How to invest in real estate: Part III
Posted September 18, 2012on:
For investors who can’t stomach the volatility of real estate investment trusts (REITs), but also don’t want to get their hands dirty, there is the middle way in real estate investment, namely through a private partnership.
A real estate investment private partnership (REIPP) is a pool of investors’ money that is invested in commercial or residential properties. As an investor, you can contribute capital as a limited partner and let the general partner do all the dirty work. Sounds like the best of both worlds, doesn’t it?
It is emphatically not.
Unlike a publicly traded REIT, a REIPP is not regulated. Here are some things that could go wrong:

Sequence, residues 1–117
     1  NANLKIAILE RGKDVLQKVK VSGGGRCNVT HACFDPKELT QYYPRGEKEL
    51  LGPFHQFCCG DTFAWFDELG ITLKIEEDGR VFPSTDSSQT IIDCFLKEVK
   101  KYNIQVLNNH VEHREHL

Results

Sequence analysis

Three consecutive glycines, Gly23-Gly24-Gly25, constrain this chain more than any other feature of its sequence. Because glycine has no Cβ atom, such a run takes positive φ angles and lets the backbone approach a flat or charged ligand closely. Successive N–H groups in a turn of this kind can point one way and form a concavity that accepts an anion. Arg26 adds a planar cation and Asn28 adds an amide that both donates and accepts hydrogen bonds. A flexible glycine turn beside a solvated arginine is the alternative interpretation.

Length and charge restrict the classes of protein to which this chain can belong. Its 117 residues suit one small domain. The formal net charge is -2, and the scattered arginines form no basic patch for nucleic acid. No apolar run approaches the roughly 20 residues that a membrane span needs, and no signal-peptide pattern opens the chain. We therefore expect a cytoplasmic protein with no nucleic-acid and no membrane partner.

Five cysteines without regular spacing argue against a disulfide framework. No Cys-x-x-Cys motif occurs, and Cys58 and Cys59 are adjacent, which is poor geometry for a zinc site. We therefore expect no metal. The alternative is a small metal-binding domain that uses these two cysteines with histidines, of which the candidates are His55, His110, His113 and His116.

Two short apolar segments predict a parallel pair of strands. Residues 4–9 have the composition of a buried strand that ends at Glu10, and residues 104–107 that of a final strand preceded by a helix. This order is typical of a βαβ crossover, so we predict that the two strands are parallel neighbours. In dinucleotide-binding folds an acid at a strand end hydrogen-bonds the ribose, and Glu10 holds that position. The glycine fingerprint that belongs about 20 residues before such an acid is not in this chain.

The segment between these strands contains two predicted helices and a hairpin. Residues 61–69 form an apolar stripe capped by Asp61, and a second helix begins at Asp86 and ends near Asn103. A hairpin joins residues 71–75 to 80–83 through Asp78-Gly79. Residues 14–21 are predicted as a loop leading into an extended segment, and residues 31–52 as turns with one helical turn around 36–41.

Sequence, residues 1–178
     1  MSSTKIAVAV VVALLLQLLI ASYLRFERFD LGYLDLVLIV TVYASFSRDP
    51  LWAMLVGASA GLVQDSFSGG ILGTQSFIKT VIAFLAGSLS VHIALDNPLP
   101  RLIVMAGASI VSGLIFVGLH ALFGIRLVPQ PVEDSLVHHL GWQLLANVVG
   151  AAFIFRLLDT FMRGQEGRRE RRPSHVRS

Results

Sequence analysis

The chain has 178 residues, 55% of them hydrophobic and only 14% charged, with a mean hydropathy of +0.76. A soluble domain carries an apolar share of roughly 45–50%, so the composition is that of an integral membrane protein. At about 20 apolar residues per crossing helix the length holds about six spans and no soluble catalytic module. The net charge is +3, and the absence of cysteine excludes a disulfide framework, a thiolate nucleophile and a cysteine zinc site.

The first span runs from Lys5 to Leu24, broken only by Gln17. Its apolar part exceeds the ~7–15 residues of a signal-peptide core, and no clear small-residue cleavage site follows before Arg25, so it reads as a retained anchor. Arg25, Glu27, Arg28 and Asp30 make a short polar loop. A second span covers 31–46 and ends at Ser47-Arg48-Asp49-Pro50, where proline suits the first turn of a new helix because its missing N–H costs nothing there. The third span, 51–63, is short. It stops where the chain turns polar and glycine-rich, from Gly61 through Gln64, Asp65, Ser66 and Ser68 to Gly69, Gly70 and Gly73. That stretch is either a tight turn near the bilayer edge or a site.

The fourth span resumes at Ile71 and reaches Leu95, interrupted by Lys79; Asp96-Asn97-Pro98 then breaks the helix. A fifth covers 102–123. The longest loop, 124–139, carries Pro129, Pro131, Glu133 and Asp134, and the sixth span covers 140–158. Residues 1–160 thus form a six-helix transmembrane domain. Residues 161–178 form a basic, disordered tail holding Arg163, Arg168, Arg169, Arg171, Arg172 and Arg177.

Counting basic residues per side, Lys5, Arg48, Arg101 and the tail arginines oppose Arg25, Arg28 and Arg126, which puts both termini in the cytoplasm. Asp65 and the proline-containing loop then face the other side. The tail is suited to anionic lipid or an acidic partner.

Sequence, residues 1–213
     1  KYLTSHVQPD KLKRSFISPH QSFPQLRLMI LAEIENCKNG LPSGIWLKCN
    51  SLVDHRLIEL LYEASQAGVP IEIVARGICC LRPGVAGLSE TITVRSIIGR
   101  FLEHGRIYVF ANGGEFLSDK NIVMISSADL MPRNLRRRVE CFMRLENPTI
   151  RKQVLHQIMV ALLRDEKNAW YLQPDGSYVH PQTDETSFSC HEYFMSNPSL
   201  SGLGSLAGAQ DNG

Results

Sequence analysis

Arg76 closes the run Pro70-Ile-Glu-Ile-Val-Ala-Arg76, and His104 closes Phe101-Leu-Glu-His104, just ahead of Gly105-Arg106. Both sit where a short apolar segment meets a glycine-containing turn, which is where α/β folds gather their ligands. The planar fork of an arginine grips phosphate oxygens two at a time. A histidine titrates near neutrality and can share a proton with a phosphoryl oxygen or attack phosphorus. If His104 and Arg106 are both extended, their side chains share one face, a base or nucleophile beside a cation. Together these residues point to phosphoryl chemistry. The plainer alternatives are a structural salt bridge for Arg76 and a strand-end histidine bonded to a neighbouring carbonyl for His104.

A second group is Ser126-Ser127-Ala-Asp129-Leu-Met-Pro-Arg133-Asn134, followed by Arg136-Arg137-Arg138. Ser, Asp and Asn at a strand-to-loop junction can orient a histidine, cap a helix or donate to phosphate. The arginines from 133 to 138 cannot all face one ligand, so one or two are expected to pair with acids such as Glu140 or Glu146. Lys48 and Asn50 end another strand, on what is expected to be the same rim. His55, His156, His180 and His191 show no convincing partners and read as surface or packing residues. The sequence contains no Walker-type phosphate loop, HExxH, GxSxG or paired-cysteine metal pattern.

- The general partner may not report to you the true state of the investments.
- The general partner may siphon off money without your knowledge.
- The general partner may engage in real estate transactions that benefits himself.
- The general partner may speculate with your money in the stock market.
These problems are what economists call asymmetric information and agency risk. In layman’ term, they means the general partner knows a lot more than you do, and he is gonna use that information advantage to benefit himself at your expense. These risks can be mitigated by a trustworthy general partner who has a strong bond with you.
I personally have not invested in any REIPP, and I have persuaded a few of my clients to stay away from them. However, I may invest in a REIPP run by a friend of mine, Chris.
I’ve known Chris for almost five years now. We volunteer together and we talk about economics and investment a lot. We are friends and I trust his real estate knowledge and his integrity.
That’s the high bar you should set for any REIPP investment.
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